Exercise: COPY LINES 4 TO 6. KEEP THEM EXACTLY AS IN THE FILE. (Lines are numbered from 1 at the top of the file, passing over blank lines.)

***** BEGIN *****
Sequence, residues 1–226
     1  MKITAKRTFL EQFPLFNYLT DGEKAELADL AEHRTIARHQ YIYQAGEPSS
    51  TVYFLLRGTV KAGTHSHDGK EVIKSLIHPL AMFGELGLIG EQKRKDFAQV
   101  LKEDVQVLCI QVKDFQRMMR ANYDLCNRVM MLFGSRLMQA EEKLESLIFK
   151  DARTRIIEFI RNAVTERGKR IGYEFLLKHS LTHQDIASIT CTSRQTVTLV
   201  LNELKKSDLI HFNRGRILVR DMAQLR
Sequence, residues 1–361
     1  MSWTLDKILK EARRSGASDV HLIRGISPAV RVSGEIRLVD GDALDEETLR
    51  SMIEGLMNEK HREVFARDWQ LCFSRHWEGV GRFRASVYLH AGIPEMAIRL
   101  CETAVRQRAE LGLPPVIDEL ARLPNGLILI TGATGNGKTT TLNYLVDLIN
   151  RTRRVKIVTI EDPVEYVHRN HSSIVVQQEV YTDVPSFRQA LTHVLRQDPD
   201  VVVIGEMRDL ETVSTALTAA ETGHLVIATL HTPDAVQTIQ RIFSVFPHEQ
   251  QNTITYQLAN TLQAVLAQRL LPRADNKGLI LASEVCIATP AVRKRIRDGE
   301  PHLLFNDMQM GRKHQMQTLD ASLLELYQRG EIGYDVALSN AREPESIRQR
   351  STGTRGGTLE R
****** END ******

   101  LKEDVQVLCI QVKDFQRMMR ANYDLCNRVM MLFGSRLMQA EEKLESLIFK
   151  DARTRIIEFI RNAVTERGKR IGYEFLLKHS LTHQDIASIT CTSRQTVTLV
   201  LNELKKSDLI HFNRGRILVR DMAQLR